El_Borak (Bill Hoyt)


Comment history

Audit finds 'chronic weaknesses' in state agencies protecting confidential information

I suspect that Anonymous would have found a lot more.

December 11, 2013 at 7:55 p.m. ( | suggest removal )

Letter: Food stamp funds

"There are very few good reasons to show historical spending comparisons without correcting for inflation."

One of them would be that it doesn't make the slightest difference to my argument. You can look at either chart, and either one will tell you that the last few years are way out of 'normal' for the program. The numbers show a spike in the chart either way, and in either chart, a 'draconian' 5% cut will turn the clocks back to that fateful year of 2012, when this fair city was a virtual Ethiopia, complete with swollen-bellied children in the streets and Eric Cartman complaining about insect repellent.

Now, the fact that your demand for inflation-adjusted numbers made no difference to my argument also means that your hand-waving and hurrumphing is merely a distraction, not a response. If you had numbers that showed that my argument was incorrect (much less dishonest) you would have shared them rather than Barbara complaining that my numbers were not manipulated and Mropus complaining that they were.

I talked to the numbers about that and they said it was ok; they're used to people not liking them on first meeting. But they do hope that in the future they'll have a chance to be your friends and hope that over time, you both will grow to trust them even though they feel it necessary to share an unpleasant truth now and again.

December 11, 2013 at 7:16 p.m. ( | suggest removal )

Letter: Food stamp funds

"...a chart that shows all of them and adjusts for inflation" Here you go.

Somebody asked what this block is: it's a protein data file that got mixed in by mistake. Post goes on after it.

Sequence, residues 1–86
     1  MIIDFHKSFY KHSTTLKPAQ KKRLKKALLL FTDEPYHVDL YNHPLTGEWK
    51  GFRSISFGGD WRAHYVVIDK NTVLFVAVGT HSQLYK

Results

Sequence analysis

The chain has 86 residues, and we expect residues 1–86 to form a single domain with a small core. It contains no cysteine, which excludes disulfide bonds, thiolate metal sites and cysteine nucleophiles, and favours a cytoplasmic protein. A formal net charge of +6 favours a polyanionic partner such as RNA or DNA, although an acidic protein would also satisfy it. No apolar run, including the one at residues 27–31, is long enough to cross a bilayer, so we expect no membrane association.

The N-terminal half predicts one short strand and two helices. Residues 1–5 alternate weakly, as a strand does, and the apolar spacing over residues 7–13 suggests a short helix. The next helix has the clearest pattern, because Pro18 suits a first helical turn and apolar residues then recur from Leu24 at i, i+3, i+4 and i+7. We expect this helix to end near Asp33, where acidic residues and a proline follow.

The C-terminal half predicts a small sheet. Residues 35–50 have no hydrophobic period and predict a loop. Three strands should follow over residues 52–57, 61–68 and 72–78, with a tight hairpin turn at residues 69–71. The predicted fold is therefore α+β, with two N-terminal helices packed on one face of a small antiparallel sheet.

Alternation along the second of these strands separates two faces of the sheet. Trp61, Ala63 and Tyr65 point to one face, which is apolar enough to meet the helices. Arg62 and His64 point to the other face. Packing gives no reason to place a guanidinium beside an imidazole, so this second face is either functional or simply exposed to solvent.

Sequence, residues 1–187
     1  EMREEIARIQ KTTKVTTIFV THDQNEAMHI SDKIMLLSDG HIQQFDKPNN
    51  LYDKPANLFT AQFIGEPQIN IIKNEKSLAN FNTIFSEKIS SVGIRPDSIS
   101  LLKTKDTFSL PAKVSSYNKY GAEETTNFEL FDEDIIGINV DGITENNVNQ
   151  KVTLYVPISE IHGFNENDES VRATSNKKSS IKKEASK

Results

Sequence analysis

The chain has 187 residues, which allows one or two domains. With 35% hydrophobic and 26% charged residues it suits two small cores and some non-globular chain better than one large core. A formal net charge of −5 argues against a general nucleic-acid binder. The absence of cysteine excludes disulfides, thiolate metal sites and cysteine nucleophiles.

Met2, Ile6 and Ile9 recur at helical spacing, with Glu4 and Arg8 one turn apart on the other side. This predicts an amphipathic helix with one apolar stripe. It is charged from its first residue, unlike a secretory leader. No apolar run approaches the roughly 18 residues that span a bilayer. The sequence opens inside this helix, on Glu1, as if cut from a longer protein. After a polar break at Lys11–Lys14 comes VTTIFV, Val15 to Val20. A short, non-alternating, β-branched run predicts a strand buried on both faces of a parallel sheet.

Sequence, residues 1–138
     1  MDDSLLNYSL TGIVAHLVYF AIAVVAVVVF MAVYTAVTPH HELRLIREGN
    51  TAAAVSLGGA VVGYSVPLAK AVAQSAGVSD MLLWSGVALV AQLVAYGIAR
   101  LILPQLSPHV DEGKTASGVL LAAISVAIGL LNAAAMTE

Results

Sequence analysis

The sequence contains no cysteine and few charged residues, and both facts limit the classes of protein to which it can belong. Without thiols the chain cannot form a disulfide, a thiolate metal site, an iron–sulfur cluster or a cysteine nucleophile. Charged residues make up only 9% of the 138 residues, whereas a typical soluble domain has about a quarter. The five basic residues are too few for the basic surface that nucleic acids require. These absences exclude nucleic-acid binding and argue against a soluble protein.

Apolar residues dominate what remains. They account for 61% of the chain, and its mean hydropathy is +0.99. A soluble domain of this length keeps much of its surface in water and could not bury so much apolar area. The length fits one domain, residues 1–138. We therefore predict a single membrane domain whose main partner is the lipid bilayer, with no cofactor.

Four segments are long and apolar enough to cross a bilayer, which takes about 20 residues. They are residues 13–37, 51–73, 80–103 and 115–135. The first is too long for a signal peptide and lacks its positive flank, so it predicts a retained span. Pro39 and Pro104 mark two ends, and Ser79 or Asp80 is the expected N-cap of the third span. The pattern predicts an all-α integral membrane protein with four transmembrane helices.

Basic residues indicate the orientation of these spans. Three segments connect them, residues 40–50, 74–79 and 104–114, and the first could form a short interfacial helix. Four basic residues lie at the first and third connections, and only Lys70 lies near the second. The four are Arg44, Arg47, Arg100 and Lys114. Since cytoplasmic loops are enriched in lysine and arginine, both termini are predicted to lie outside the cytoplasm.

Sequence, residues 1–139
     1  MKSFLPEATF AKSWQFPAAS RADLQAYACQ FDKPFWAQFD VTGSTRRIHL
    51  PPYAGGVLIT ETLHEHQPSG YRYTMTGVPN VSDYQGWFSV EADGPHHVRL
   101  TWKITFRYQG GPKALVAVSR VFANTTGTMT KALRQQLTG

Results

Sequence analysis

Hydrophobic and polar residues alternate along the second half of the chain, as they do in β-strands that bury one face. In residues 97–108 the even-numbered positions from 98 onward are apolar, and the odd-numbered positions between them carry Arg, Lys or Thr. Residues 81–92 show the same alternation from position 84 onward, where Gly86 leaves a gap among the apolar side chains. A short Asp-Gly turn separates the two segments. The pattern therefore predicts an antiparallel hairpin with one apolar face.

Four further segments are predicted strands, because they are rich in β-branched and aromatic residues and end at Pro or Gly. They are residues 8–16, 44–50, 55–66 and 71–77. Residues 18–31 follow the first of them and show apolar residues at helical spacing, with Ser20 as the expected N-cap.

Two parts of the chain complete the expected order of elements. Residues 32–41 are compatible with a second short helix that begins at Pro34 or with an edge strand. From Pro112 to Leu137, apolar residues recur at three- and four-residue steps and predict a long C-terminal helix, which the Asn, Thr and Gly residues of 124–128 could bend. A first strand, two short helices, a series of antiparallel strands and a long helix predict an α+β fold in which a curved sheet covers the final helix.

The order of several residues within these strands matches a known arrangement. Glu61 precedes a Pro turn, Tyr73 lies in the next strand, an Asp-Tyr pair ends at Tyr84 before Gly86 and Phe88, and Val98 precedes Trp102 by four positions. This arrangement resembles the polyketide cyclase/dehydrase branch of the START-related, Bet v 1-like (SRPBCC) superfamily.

Now, as I was saying, "Look at those monster cuts!" The funny thing is that in adjusting it for inflation, the chart makes the last 5 years' explosion look even bigger proportionally, especially since it's up another 7% (5.5b) this year. It also shows that it has been rising almost unabated since 2001. If I recall, 2001 to 2008 were not known for their high unemployment. But I might just be misremembering.

But if one wishes to look for intellectual dishonesty, it can be found exactly where the expiration of a temporary increase is called a cut. That's on the order of saying that your boss gave you a salary cut in January because he did not renew your Christmas bonus that month.


December 11, 2013 at 3:18 p.m. ( | suggest removal )

Letter: Food stamp funds

Ok, so I'm right that we should not adjust the chart for inflation where it goes boom (besides, the 30 year trend line reflects inflation just fine). And I'm right that there were expansions in eligibility due to recent changes in the law. I suspect I'm also right that there have been no real cuts, much less that Congress has "not renewed the SNAP program" as the letter writer alleged.